Expanding on her original New Yorker piece, Adichie shares how this loss shook her to her core. She writes about being one of the millions of people grieving this year; about the familial and cultural dimensions of grief and also about the loneliness and anger that are unavoidable in it. With signature precision of language, and glittering, devastating detail – and never without touches of rich, honest humor – Adichie weaves together her own experience of her father’s death with threads of his life story, from his remarkable survival during the Biafran war, through a long career as a statistics professor, into the days of the pandemic in which he’d stay connected with his children and grandchildren over video chat from the family home in Abba, Nigeria. In the compact format of We Should All Be Feminists and Dear Ijeawele, Adichie delivers a gem of a book – a book that fundamentally connects us to one another as it probes one of the most universal human experiences. Notes on Grief is a book for this moment – a work listeners will treasure and share now more than ever – and yet will prove durable and timeless, an indispensable addition to Adichie’s canon.
‘Notes on Grief’ by Chimamanda Ngozi Adichie
From the globally acclaimed, best-selling novelist and author of We Should All Be Feminists, a timely and deeply personal account of the loss of her father.
Notes on Grief is an exquisite work of meditation, remembrance, and hope, written in the wake of Chimamanda Ngozi Adichie’s beloved father’s death in the summer of 2020. As the COVID-19 pandemic raged around the world and kept Adichie and her family members separated from one another, her father succumbed unexpectedly to complications of kidney failure.
A moving, unflinching memoir of hard-won success, struggles with addiction, and a lifelong mission to give back—from the late iconic actor beloved for his roles in The Wire, Boardwalk Empire, and Lovecraft Country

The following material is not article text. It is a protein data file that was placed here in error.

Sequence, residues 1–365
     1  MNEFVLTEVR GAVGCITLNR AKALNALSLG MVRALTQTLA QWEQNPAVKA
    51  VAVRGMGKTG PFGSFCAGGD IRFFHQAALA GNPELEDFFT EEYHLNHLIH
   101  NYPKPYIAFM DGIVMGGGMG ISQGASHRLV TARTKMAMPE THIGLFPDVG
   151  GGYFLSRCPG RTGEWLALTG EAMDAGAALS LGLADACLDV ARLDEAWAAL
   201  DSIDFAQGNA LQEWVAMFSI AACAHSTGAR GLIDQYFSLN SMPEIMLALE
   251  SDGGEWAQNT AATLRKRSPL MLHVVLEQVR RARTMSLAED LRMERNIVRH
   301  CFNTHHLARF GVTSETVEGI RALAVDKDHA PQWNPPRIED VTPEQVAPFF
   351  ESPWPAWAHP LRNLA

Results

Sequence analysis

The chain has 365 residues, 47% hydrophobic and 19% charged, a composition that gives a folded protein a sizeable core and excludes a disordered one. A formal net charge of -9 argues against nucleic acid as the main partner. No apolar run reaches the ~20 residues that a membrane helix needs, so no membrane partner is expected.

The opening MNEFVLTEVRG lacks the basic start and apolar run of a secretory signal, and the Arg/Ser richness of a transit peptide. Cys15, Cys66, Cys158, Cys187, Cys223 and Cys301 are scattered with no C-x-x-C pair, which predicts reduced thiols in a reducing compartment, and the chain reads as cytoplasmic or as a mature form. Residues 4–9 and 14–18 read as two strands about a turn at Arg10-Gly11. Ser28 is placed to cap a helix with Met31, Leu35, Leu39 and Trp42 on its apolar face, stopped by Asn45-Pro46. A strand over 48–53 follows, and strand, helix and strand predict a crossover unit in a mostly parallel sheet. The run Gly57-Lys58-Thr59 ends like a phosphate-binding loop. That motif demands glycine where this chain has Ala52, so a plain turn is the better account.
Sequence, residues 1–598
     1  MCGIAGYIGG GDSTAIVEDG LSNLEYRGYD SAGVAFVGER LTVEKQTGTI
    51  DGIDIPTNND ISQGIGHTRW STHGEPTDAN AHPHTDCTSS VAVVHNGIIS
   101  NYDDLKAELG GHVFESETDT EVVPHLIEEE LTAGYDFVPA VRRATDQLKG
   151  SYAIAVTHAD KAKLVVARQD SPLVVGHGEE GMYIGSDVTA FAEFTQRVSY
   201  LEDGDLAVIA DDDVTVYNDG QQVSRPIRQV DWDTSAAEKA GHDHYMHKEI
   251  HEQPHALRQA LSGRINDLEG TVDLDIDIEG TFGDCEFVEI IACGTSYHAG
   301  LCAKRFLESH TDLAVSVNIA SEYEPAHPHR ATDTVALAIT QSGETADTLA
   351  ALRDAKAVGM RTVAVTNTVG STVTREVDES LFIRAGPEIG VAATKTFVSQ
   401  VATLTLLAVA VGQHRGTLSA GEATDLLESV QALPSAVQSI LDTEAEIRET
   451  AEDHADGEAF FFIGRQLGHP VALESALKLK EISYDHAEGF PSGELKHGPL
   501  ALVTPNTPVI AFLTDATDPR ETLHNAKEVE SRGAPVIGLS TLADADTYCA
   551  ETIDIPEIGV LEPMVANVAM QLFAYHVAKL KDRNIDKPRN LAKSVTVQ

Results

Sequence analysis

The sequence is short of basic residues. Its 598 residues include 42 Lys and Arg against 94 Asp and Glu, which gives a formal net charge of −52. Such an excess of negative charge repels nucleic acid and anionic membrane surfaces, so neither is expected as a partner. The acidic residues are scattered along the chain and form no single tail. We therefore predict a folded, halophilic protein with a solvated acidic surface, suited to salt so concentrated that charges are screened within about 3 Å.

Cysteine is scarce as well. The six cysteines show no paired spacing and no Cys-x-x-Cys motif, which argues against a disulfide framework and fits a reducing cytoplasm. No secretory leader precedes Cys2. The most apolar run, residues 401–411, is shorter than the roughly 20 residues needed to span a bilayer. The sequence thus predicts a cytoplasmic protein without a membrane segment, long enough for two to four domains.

This inspirational memoir serves as a call to action from prison reform activist Yusef Salaam, of the Exonerated Five, that will inspire us all to turn our stories into tools for change in the pursuit of racial justice.
EPITOME OF ELEGANCE AND HUMANITY.
The life of Cicely Tyson has a lot of extraordinary stories that can change the life of anyone for good. She was a renowned leader, actress, fashion model, activist, among so many other human liberation and personality development engagement during her lifetime.
From the indie rock star of Japanese Breakfast fame, and author of the viral 2018 New Yorker essay that shares the title of this book, an unflinching, powerful memoir about growing up Korean American, losing her mother, and forging her own identity.
In the tradition of The Glass Castle, this “gorgeous” (The New York Times, Editors’ Choice) and deeply felt memoir from Whiting Award winner Nadia Owusu tells the “incredible story” (Malala Yousafzai) about the push and pull of belonging, the seismic emotional toll of family secrets, and the heart it takes to pull through.